What vital resources are behind your offerings and value proposition (e.g., physical, labor, financial resources, intellectual property)?
What competencies and crucial activities do you need?
Does your value chain make full use of your core competencies?
Who are your most important partners? What is their relation to your business, and what do they bring you?
Who are your most important suppliers and partners, and what do they contribute?
Why will the customer pay for your product or service?
What are your primary sources of income?
How is the income generated? What are customers willing to pay for it?
What are your main costs and the most significant cost drivers?
What are the main financial risks in your current revenue model?
Stuck in Start #2: I have the big picture vision I'm excited about, but I don't know how to plan or prioritize my next steps.
This lack of clarity is often blamed on a funding issue, team issue, resource issue. It's a strategy issue known as an 'Air Sandwich.'
In The New How, Nilofer Merchant describes a widespread Silicon Valley phenomenon known as 'Air Sandwich.' "It's the empty void in an organization between the high-level strategy conjured up in the stratosphere and the realization of that vision down on the ground."
How do you know you've been feeding your entrepreneurial appetite with an air sandwich?
The first indicator is frustration: You have a hard time planning your to-do list, verbalizing what you need help with, and often think, "I don't know what I don't."
The second indicator is inefficiency: You put in a full week of work, but you are not quite sure how any of those activities moved you forward in any meaningful way. (Noted by symptoms such as redesigning and designing your website––guilty.)
The third indicator is consistently missing self-appointed deadlines created by a cycle of the first two problems.
Any of these feel familiar? You need a strategy to defeat that air sandwich. The Business Model Canvas is not a strategy, but it can help you understand what you need to focus, prioritize, and strategize your next steps.
Stuck in Start #3 - I'm in the marketplace, but I can't tell what's working and not working.
Your business model canvas is merely a set of assumptions until you go through the actual process of validating it. Despite researching the Size of the Market (TAM), Size of the Problem (SAM), and all the other great I am––that research is based on someone else's business. A business that may have the same product as you but different configurations of their business models (Think Spotify vs. Apple Music vs. Tidal).
Ash Maurya highlights that you test your riskiest assumptions most significant, swings, hurdles, and gaps first. Often founders create a go-to-market strategy that does not involve any sort of testing of their business model—leaving them unable to understand what is genuinely unlocking the value in the business model.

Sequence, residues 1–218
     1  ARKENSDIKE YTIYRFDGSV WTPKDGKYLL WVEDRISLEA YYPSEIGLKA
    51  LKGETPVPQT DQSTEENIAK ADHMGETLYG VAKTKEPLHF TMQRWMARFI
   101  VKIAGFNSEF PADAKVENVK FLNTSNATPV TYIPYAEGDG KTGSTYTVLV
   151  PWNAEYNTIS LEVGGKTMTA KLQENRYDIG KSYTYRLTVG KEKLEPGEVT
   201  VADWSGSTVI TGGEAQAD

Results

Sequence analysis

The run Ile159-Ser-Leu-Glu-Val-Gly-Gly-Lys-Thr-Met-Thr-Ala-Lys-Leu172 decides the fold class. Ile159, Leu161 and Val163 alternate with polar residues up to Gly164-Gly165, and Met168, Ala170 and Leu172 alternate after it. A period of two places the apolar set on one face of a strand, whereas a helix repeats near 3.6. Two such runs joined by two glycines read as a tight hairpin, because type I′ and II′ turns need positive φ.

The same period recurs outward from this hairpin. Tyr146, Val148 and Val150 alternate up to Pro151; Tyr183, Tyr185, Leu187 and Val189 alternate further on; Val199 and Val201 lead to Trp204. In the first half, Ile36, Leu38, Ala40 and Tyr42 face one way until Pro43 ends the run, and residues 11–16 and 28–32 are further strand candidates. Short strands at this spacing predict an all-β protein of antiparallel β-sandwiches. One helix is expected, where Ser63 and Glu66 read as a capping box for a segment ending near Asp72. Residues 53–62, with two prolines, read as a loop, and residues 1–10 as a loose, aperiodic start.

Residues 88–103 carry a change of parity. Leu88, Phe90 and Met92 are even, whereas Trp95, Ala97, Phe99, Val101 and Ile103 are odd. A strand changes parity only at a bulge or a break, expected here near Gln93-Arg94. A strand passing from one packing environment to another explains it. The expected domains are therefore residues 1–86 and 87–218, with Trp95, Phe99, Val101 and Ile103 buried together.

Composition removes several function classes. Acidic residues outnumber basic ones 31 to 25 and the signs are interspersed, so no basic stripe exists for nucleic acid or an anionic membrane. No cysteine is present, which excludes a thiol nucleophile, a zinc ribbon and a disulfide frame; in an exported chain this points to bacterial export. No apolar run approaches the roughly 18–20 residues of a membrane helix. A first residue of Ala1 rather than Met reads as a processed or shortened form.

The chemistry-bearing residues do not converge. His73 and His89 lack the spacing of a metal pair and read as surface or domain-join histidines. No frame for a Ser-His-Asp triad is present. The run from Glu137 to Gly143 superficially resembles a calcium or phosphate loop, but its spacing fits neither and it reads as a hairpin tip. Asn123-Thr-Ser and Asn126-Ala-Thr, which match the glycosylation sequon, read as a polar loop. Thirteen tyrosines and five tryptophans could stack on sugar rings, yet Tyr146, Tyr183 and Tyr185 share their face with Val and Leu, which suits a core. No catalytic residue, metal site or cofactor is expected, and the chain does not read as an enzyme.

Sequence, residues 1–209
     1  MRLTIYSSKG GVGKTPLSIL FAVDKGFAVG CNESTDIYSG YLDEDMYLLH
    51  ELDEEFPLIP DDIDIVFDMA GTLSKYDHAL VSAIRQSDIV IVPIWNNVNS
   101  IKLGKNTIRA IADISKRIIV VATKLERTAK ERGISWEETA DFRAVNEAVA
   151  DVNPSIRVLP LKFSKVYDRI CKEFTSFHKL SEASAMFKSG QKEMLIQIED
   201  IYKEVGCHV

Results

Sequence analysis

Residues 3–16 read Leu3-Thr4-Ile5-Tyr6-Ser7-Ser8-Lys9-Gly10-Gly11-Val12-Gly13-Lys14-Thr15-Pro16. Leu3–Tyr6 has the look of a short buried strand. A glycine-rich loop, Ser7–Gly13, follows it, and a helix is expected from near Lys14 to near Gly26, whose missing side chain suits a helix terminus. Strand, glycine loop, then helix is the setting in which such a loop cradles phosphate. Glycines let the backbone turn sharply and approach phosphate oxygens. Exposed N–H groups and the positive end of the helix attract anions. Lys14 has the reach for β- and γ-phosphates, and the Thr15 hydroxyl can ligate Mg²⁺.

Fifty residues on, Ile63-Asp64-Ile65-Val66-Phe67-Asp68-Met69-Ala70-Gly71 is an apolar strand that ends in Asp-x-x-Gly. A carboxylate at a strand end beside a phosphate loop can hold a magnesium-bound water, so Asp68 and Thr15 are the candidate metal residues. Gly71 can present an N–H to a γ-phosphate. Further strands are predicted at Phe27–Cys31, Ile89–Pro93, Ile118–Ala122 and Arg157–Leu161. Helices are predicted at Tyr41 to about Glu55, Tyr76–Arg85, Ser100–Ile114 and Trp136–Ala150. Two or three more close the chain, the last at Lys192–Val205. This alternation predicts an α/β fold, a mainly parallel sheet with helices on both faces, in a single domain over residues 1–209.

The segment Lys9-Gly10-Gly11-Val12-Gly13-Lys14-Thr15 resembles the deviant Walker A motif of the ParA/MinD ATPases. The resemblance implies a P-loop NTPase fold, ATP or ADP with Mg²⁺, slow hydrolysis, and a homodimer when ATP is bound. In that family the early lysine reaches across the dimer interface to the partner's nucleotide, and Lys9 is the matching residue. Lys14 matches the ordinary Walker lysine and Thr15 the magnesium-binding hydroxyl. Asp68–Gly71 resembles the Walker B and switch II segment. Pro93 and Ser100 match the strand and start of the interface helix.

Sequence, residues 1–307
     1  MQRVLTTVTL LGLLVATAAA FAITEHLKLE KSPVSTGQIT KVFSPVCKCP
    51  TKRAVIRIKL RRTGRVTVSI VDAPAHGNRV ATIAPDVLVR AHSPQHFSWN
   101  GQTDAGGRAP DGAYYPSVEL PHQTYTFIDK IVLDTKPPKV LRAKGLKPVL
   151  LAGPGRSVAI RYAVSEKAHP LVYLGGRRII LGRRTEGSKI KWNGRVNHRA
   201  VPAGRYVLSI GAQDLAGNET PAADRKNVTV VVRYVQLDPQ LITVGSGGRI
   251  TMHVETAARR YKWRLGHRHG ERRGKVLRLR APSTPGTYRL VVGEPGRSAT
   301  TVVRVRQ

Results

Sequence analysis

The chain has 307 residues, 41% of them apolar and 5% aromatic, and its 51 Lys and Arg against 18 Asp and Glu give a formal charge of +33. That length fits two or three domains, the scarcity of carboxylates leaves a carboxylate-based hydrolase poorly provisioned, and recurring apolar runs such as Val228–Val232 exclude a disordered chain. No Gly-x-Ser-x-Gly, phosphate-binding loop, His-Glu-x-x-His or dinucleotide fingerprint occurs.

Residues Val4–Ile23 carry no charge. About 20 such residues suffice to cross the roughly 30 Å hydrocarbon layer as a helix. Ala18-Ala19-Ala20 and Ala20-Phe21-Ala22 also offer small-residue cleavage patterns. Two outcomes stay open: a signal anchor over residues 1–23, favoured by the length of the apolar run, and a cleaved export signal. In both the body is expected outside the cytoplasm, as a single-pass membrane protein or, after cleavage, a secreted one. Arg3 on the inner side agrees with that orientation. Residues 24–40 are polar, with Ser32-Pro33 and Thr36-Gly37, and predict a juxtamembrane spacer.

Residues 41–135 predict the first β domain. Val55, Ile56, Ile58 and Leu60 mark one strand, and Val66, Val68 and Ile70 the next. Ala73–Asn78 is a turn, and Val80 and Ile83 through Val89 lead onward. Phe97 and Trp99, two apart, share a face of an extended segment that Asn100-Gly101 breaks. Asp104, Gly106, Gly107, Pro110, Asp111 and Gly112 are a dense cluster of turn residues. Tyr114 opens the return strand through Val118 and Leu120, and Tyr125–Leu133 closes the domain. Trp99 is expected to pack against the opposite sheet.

What value proposition is unlocking the most value for your customers
What channels are unlocking the most benefit?
How do we unlock the value of a channel that doesn't seem to be performing very well?
What key activities are unlocking the most value in your business and need to be prioritized?
What partners are unlocking the most value in your industry?
Is everything you're spending money on (cost structure), creating a higher amount of value?
Are you, as a whole, unlocking more value for and to your customers than your competitors.
Since you have already established that start is a journey- the momentum of that journey relies on the ability to test, evaluate, and pivot. Missing the testing phase will cost you key momentum or cause you to misidentify what is stealing your momentum.
You need a process and a tool that empowers you to manage new information, ideas, and priorities without losing track of big picture goals. This refining is what will drive your company to greatness. Go through the canvas and check which parts you are sure of and those that need to be validated. Any falsely assumed knowledge will catch up with you sooner or later.
By diving in deep and understanding your business model with tools like the business model canvas, you can be agile, resourceful, and thoughtful about the way you start your business.
As you learn and grow with your business model, you will be able to do more than just start. You would be able to innovate, scale, and look at entrepreneurship as the experimental and adventurous journey.
*Abbreviated collection of questions from the St. Gallen Business
Business Model Canvas was created by Alexander Osterwalder and the minds behind Strategyzer.
Business Model Canvas Slide - You can use this google slide version of the business model canvas, which is simple to return to repeatedly.
Use The Experiment Canvas as your testing companion.
Nagela Dales is the founder and creative pilot of SLCO Agency, rise and thrive.